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Press Release

Press release

Major health benefits to be gained by sharing and linking data safely

24 May 2016

The Health Research Board (HRB) will publish a new report today outlining the infrastructure and services needed in Ireland to allow us to safely access, store, share and link data for research.

Speaking at the launch, Dr Graham Love, Chief Executive at the HRB said,

‘Data is one of our most valuable national assets. However, we don’t use it to its full potential because we don’t have the right infrastructure or services in place to share, store or link it safely’. 

Enabling safe linkage and re-use of data in other countries has had major benefits.

For example; by linking diabetes and cancer registries with dispensed prescription datasets, the Farr Institute in Scotland demonstrated how a diabetes drug, metformin, is associated with a reduction in cancer incidence. This resulted in patients being stratified for the most effective treatment as well as the discovery of new drug targets. 

Another of their studies linked education and health data to demonstrate that the risk of developing special educational needs increases steadily with birth prematurity.  This means mothers are aware of risks and benefits relevant to their circumstances.

According to Dr Love, ‘The benefits of having the infrastructure in place for safe sharing and linking data are clear. Other countries have done this and it’s had great impact. The fundamental question is; how can we ensure data is used or shared safely, ethically and legally? We believe the model we have developed will help to achieve this in Ireland’.

A series of challenges prompted the HRB to examine this area. These included: -

  • Data users’ concerns around data protection legislation or good governance.
  • Research not being attempted, abandoned or seriously delayed because data couldn’t be accessed in a timely manner.
  • Duplication of effort, rising costs and delays in securing research results because data had to be collected again.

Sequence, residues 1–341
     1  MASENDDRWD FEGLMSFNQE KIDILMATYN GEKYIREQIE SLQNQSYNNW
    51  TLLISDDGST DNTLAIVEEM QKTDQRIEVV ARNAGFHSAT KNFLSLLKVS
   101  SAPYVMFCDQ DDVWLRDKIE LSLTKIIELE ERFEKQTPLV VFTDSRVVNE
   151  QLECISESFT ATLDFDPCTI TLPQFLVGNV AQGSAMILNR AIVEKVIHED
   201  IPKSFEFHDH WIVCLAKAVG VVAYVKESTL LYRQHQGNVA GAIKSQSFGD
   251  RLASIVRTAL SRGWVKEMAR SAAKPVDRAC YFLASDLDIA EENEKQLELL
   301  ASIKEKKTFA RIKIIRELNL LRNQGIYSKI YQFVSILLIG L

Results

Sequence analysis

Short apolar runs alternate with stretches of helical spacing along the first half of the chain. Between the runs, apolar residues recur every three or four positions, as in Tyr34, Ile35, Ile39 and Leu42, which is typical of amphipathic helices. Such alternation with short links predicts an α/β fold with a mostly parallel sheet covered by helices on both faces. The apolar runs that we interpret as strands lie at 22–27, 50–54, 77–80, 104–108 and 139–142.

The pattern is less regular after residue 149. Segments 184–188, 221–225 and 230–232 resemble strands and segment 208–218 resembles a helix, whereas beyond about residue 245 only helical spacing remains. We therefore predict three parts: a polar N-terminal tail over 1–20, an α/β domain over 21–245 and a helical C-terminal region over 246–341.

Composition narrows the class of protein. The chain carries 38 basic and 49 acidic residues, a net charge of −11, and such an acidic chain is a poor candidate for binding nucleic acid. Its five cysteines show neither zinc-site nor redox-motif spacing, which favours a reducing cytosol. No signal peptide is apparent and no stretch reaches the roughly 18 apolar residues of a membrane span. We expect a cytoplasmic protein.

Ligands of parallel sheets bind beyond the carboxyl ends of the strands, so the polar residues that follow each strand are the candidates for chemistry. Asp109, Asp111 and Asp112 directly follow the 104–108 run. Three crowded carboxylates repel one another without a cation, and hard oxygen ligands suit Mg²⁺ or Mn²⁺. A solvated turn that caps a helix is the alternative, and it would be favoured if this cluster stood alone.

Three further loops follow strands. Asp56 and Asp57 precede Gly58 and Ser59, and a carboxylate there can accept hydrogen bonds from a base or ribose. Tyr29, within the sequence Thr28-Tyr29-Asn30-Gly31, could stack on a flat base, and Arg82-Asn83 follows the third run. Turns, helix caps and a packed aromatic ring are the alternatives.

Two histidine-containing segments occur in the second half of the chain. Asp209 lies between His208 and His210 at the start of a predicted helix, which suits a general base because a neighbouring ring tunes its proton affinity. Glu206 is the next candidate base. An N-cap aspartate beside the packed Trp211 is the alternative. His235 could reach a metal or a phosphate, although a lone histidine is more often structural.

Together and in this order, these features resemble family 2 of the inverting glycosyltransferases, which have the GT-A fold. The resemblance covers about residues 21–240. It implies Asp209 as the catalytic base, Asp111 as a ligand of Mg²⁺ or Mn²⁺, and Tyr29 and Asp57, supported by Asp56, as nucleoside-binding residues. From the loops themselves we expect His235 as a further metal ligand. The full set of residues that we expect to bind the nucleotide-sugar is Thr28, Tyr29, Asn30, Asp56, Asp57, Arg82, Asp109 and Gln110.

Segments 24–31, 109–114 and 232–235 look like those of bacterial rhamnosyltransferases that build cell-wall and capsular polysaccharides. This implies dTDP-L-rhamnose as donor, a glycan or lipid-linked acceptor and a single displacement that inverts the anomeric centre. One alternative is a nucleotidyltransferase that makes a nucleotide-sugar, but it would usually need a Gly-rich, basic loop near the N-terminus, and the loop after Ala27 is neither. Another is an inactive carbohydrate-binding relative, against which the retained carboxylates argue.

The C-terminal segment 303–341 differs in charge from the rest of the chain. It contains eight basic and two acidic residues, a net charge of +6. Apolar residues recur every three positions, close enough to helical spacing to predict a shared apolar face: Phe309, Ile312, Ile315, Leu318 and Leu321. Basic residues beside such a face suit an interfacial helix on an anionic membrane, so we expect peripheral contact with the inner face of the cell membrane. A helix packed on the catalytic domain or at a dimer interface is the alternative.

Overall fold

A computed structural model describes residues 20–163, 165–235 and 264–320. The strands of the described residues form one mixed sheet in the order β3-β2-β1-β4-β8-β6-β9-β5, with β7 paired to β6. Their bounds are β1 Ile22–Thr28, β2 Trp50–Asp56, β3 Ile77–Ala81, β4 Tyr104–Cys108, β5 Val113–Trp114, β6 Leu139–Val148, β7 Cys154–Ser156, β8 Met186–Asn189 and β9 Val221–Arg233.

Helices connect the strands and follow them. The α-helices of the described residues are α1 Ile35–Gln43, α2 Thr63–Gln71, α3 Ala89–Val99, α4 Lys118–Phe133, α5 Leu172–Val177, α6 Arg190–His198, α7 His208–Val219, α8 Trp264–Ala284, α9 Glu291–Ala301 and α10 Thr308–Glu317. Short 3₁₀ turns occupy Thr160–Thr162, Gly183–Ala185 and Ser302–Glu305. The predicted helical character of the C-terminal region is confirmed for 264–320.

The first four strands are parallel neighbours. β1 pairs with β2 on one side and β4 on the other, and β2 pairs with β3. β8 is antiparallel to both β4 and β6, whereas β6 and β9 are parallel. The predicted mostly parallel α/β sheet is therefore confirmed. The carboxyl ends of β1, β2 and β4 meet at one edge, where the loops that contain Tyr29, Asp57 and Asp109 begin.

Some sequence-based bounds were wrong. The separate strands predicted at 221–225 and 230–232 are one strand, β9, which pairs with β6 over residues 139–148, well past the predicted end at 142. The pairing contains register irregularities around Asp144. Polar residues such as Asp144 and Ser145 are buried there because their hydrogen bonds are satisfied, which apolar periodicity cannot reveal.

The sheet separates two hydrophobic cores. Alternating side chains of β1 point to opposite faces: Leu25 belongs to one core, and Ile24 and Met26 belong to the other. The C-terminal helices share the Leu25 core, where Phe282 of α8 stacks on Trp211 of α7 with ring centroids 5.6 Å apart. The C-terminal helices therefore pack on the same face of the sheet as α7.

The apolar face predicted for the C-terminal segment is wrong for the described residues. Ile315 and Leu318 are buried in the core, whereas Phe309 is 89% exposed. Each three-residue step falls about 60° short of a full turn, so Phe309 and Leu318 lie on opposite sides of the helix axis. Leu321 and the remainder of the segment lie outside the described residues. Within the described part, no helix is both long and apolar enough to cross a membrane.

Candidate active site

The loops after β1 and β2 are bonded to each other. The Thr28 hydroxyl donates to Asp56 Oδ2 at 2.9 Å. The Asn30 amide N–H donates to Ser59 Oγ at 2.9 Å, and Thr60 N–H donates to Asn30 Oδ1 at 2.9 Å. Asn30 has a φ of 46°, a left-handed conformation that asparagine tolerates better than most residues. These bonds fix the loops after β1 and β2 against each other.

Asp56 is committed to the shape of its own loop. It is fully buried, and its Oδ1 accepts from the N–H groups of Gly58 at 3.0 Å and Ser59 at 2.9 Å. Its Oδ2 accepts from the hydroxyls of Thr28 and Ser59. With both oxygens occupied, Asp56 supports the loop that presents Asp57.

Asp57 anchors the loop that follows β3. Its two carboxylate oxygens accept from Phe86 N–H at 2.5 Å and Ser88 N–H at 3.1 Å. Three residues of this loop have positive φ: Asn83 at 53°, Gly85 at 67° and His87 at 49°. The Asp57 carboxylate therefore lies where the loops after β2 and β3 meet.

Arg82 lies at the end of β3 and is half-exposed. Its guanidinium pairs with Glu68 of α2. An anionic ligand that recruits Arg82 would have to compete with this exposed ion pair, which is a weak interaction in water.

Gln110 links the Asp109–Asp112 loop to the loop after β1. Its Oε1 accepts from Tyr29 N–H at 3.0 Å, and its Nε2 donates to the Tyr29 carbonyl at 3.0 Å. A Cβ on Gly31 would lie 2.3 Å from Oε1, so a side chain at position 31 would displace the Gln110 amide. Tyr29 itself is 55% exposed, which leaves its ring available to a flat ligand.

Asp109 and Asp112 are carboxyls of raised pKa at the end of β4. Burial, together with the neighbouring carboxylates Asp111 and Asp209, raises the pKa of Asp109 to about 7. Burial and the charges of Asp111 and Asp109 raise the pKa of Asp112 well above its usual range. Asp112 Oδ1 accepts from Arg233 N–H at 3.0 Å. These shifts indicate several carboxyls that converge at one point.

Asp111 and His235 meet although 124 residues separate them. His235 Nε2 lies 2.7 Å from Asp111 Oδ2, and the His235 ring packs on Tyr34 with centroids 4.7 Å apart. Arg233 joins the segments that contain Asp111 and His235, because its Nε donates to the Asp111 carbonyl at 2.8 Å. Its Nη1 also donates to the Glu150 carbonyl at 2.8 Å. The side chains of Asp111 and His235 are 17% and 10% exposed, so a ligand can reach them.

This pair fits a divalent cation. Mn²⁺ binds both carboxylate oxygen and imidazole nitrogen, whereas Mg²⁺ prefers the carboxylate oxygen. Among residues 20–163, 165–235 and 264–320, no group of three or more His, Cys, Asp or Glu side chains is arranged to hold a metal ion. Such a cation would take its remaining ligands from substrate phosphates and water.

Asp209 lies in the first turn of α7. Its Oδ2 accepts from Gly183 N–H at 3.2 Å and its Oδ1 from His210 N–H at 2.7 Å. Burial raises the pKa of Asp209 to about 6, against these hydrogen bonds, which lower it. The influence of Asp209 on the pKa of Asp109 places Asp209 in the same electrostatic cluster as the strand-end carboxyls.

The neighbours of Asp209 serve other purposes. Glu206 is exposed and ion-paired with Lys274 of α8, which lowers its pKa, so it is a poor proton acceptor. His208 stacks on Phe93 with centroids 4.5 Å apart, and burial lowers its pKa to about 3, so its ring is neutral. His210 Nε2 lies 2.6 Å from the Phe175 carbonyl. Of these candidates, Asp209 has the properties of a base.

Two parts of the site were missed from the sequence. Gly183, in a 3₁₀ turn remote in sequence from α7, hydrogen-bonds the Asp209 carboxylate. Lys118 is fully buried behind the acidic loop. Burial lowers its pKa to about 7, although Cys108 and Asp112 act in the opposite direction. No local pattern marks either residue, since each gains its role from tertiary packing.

• Lack of a unique identifier.
  • Poor skills in preparing data for sharing

According to Rosalyn Moran, HRB and author of the report,

‘Gathering robust datasets is expensive, so it makes sense to use them to their full potential. The model we propose would create the right infrastructure and services to ensure safe access to health data and develop ways to share or link existing data responsibly for great effect. We believe it would be a critical part of the Irish data and statistical infrastructure going forward. But more importantly, it is an opportunity to improve people’s health, enhance healthcare delivery and provide good evidence to inform policy’. 

The DASSL (Data, Access, Sharing, Storage and Linkage) model outlines the infrastructure and services to ensure: -

  • Safe projects (valid research purpose)
  • Safe people (trusted researchers)
  • Safe data and data governance (people’s data protected)
  • Safe setting (security controls)
  • Safe outputs (disclosure control of outputs)

Commenting on the report, Muiris O Connor, Assistant Secretary General at the Department of Health said

‘There are clear benefits to be gained for Ireland by safely sharing and linking data. If we are going to maximise use of our national data assets, I think the DASSL model  provides a great starting point. I hope the report will stimulate a national conversation about how this can be done efficiently to deliver benefits for Irish people and enhance delivery of our health and social care services.’

A copy of the full report, Proposals for an enabling data environment for health and related research in Ireland, is available on the HRB website publications page 

For more information please contact:

Gillian Markey, Communications Manager, Health Research Board

+353 87 2288514,

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